Bunny Wailer – The Blackheart Man (1947-2021)
Bunny Wailer 1947-2021
Career: Member of The Wailers / Solo Artist / Songwriter / Musician / Engineer / Producer / Label Owner
- Blackheart Man (Island Records)
- Protest (Island Records)
- Dubd’sco Vol. 1 (Solomonic)
- Struggle (Solomonic)
- In I Father’s House (Solomonic)
- Sings The Wailers (Solomonic)
- Rock ‘N’ Groove (Solomonic)
- Dubd’sco Vol. 2 (Solomonic)
- Tribute (Solomonic)
- Hook Line & Sinker (Solomonic)
- Roots Radics Rockers Reggae (Shanachie)
- Live! (Solomonic),
- Marketplace (Solomonic)
- Rootsman Skanking (Shanachie)
- Rule Dance Hall (Solomonic)
- Liberation (Shanachie)
- Just Be Nice (Solomonic)
- Time Will Tell – A Tribute To Bob Marley (Shanachie)
- Gumption (Solomonic)
- Dance Massive (Solomonic)
- Hall Of Fame – A Tribute To Bob Marley’s 50th Anniversary (RAS)
- Communication (Solomonic)
- World Peace (Solomonic)
- Rub-A-Dub (Solomonic)
- Reincarnated Souls (Solomonic)
After the recent death of U Roy, the reggae world is again confronted with the loss of another legendary artist. On the morning of Tuesday, March 2nd, 2021, one of the founders of The Wailers and the last surviving member after the death of Bob Marley in 1981 and Peter Tosh in 1987, died in the Medical Associates Hospital in Kingston JA. Since his second stroke in July last year, the reggae icon had been in and out of hospital.
BUNNY WAILER – THE BLACKHEART MAN (10 April 1947 – 2 March 2021)
Born Neville O’Riley Livingston on April 10, 1947, in Kingston, Jamaica, the young Livingston actually spent his earliest years in the village of Nine Miles in St. Ann’s. It was there that he first met Bob Marley, and the two toddlers became true friends. In 1952 their families relocated to Kingston. There they met up with another pair of equally keen youngsters, Peter Tosh and Junior Braithwaite. Initially, Marley intended on a solo career, but his hopes were dashed by a failed audition for producer Leslie Kong. The upshot was, the four boys now joined forces along with backing singers Cherry Green and Beverly Kelso as the Teenagers. The band’s name would change several times before they finally settled on the Wailers.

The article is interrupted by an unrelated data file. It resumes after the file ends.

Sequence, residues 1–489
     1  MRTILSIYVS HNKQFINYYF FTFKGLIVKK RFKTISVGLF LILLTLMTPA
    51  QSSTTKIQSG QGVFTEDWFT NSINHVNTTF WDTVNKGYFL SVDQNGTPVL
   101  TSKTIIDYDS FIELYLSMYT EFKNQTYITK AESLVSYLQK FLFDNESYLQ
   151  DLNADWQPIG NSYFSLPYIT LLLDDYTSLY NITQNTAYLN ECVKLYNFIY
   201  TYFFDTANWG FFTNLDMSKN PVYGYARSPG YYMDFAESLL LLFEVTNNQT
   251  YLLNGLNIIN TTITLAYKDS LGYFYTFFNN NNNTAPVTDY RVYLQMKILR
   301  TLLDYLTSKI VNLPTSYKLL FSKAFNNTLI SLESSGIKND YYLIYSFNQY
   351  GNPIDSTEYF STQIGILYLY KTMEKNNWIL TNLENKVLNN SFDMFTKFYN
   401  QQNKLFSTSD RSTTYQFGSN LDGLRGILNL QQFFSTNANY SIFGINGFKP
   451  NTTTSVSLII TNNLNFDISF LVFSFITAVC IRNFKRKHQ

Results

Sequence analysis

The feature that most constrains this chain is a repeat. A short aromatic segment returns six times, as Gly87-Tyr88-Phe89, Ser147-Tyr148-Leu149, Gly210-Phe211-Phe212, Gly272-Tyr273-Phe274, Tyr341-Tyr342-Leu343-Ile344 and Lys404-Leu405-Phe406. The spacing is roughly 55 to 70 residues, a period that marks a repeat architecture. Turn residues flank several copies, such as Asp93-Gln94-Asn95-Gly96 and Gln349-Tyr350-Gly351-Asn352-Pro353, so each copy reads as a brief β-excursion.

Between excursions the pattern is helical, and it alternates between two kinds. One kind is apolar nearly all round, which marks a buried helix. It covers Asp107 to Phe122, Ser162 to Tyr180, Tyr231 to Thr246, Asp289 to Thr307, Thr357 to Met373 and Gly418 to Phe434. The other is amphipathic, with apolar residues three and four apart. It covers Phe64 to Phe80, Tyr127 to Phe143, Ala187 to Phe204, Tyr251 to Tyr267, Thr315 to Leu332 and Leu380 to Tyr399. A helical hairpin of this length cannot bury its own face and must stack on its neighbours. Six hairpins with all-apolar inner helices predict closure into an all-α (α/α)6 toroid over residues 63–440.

After a successful audition for Coxsone Dodd, their career took off immediately with their first single, the classic Simmer Down. Early on, all four of the boys contributed songs to the group, which enabled the Wailers to continue without Marley after he left Jamaica in 1966, to seek work for a time in the US. Over time, however, Livingston’s songwriting contributions to the group had lessened, although when he did turn his hand to composing, the results were never less than scintillating. Marley, of course, was more than happy to pick up the slack. By 1973, the Wailers were untouchable, the biggest reggae band in Jamaica, and on the verge of an international breakthrough. The first leg was a three-month jaunt across the UK, followed by an outing to the US. Livingston would never make that second leg, he barely made it through the first. Tensions were rising within the Wailers, a situation exasperated by the tour. Livingston had enough, and upon the group’s return to Jamaica, he announced that he would not accompany the band to the US.
Bunny Wailer at Reggae Geel 2014 (Photo: Teacher)